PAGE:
Recent Increase in Fine Particulate Matter Associated with More Premature Deaths in U.S.
In the United States, annual average levels of fine particulate matter—PM2.5, a measure of solid particles and liquid droplets that are 2.5 micrometers or smaller found in the air—declined 24% from 2009 to 2016, then increased 5% between 2016 to 2018. In a new study, researchers explored how the increase occurred by looking at economic activity, wildfires, and enforcement of the Clean Air Act during this period. They found that the increase was associated with 9,700 additional premature deaths, and that these deaths represent damages of $89 billion.
The study, by researchers at Carnegie Mellon University and the National Bureau of Economic Research (NBER), is published as an NBER working paper.
“The health implications of this increase are significant,” notes Karen Clay, professor of economics and public policy at Carnegie Mellon University’s Heinz College, who led the study. “The number of deaths and the damages highlight the importance of air pollution as an important and timely policy issue.”
To learn more about the increase, the researchers used data from the Air Quality System database of daily monitored readings provided by the U.S. Environmental Protection Agency (EPA). The EPA maintains a network of air pollution monitors because PM2.5 is regulated under the Clean Air Act. In total, the researchers studied 653 counties with monitors for fine particulate matter. They also looked at information from the EPA’s enforcement database, as well as vital statistics (population and mortality rates) by county.
Increases in PM2.5 from 2016 to 2018 were observed in many U.S. counties. In the West and Midwest Census regions, fine particulate matter rose during this period; in the Northeast and South Census regions, it stayed the same. Every year, the EPA designates each county as having met or failed to meet air pollution standards under the Clean Air Act. Increases in fine particulate matter occurred in counties that met the standards as well as in those that failed to meet them, according to the study.
The rise in PM2.5 increased the number of premature deaths of adults over age 30 by about 9,700 from 2016 to 2018, with 80% of the premature deaths occurring among the elderly and 20% of the premature deaths among adults ages 30 to 64, the study found. These calculations use the same methods used by the EPA to relate fine particulate matter to mortality. The damages of $89 billion are calculated by multiplying deaths by the EPA’s value of a statistical life.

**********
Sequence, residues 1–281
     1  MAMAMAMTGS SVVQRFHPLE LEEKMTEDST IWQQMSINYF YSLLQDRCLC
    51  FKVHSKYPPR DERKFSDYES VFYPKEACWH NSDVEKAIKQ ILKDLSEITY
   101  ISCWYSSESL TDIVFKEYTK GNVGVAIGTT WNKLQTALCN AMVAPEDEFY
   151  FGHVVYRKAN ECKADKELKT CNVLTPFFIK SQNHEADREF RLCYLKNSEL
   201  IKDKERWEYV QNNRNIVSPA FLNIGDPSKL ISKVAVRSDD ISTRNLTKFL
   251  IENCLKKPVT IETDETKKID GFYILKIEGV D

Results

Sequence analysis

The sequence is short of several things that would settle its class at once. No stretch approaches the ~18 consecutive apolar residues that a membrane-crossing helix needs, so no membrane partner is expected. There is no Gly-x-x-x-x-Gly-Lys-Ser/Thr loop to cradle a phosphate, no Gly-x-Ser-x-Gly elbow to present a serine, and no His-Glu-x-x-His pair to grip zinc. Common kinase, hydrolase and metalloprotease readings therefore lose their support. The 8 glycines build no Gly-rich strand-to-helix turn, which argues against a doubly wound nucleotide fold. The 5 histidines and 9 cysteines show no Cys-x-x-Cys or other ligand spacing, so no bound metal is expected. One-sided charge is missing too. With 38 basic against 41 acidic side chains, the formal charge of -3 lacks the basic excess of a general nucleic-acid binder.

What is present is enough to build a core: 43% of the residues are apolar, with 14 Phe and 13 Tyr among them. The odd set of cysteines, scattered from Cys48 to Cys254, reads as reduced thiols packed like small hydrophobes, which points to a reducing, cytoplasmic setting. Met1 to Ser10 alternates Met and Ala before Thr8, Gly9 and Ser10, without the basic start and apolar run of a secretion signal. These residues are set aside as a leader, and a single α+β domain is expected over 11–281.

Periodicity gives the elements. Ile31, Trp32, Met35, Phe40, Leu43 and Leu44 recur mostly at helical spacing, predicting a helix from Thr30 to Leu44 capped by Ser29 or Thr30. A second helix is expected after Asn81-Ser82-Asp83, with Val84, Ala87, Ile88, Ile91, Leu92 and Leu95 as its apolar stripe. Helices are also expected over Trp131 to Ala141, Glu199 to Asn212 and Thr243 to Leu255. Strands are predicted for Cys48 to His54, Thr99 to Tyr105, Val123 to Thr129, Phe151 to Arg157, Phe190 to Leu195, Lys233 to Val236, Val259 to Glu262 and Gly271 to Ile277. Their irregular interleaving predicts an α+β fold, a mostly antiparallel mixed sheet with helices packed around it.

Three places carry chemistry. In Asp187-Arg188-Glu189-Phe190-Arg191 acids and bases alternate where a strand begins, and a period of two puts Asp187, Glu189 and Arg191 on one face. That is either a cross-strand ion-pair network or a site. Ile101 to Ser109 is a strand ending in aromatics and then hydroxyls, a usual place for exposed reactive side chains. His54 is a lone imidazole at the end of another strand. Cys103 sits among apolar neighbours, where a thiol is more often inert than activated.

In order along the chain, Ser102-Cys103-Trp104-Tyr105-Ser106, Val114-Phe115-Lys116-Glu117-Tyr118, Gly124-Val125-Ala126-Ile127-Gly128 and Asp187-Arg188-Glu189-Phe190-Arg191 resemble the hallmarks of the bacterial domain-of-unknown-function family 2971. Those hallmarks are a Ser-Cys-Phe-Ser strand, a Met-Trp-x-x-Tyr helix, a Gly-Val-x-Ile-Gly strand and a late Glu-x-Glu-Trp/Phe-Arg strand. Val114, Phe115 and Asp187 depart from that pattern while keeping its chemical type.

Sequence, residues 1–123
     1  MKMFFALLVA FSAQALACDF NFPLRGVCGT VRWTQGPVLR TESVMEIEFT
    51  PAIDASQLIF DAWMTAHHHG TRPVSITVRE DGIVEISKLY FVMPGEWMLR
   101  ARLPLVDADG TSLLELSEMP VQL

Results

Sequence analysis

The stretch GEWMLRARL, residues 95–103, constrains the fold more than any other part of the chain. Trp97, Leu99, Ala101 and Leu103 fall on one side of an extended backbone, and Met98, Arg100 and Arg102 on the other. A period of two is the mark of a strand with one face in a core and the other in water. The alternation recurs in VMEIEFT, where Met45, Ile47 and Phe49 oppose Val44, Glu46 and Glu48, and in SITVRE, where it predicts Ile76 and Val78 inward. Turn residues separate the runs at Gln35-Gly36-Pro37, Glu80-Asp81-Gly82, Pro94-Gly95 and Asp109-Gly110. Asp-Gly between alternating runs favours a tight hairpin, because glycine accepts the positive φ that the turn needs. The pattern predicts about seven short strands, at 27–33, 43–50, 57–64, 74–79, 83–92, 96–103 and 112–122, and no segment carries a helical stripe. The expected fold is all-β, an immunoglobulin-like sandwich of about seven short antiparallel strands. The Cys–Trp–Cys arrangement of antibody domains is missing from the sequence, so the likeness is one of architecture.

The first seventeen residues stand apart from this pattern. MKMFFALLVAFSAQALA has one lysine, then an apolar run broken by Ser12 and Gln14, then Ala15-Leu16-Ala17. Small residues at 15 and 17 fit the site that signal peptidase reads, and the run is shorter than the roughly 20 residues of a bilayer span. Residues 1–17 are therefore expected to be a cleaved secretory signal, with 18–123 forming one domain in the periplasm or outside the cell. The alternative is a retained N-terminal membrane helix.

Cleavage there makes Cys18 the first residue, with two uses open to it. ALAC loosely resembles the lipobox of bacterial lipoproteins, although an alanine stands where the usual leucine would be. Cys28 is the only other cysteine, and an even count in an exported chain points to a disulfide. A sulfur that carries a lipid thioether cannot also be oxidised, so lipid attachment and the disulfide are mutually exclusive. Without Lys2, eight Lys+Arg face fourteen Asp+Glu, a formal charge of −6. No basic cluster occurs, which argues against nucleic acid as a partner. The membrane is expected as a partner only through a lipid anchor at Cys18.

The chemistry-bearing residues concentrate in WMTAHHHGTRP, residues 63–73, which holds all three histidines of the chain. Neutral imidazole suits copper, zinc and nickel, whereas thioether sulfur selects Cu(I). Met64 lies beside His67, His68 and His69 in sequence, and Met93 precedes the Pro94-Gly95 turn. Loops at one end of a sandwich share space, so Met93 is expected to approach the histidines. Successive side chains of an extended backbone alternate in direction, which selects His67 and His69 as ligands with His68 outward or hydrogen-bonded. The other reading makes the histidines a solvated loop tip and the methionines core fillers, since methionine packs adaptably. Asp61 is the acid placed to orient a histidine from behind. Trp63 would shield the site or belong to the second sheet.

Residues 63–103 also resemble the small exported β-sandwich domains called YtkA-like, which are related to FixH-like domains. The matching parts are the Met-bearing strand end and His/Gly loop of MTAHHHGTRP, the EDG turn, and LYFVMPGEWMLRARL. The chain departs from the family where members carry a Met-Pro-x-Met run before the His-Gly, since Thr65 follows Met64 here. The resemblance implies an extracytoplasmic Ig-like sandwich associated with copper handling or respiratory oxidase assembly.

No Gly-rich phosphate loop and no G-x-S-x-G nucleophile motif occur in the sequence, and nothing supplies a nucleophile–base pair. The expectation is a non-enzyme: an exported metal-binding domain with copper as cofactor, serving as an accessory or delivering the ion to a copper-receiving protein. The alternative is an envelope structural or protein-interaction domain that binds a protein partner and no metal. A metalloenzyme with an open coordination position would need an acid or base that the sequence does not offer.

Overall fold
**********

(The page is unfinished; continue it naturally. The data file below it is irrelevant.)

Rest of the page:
Increases in PM2.5 in the air were especially pronounced in California, with 43% of the rise in deaths nationally from 2016 to 2018 occurring in the state.
The researchers present evidence on three possible causes for the national increase:
- Changes in economic activity: Increased use of natural gas in households and industries, and growth in the number of miles traveled by fossil fuel-powered vehicles likely contributed to the rise in PM2.5 in certain counties, while decreases in coal-fired power drove declines in other areas.
- Increases in wildfires: In parts of the West and Midwest, rising numbers of wildfires during the period studied were associated with increases in fine particulate matter. California experienced numerous wildfires during this period, with the most deadly—the Camp Fire—taking place in November 2018.
- Decreases in enforcement of the Clean Air Act: Enforcement of this law may influence compliance by firms, and the study found that the most frequent type of enforcement of the Clean Air Act fell from 2009 to 2016 and continued to fall from 2016 to 2018.
“This research demonstrates that recent increases in fine particulate matter have appreciable effects on risks of premature mortality,” explains Nicholas Muller, associate professor of economics, engineering, and public policy at Carnegie Mellon University’s Tepper School of Business, who coauthored the study. “These increases are worrisome and should persuade policymakers to take the necessary steps to maintain limits on air pollution.”
The research was funded by Carnegie Mellon University’s Heinz College of Information Systems and Public Policy.
Summarized from a working paper of the National Bureau of Economic Research (NBER), Recent Increases in Air Pollution: Evidence and Implications for Mortality by Clay, K (Carnegie Mellon University and NBER), and Muller, N (Carnegie Mellon University and NBER). Copyright 2019. All rights reserved.
About Carnegie Mellon University’s Heinz College
The Heinz College of Information Systems and Public Policy is home to two internationally recognized graduate-level institutions at Carnegie Mellon University: the School of Information Systems and Management and the School of Public Policy and Management. This unique colocation combined with its expertise in analytics set Heinz College apart in the areas of cybersecurity, health care, the future of work, smart cities, and arts & entertainment. In 2016, INFORMS named Heinz College the number one academic program for Analytics Education. For more information, please visit http://www.heinz.cmu.edu.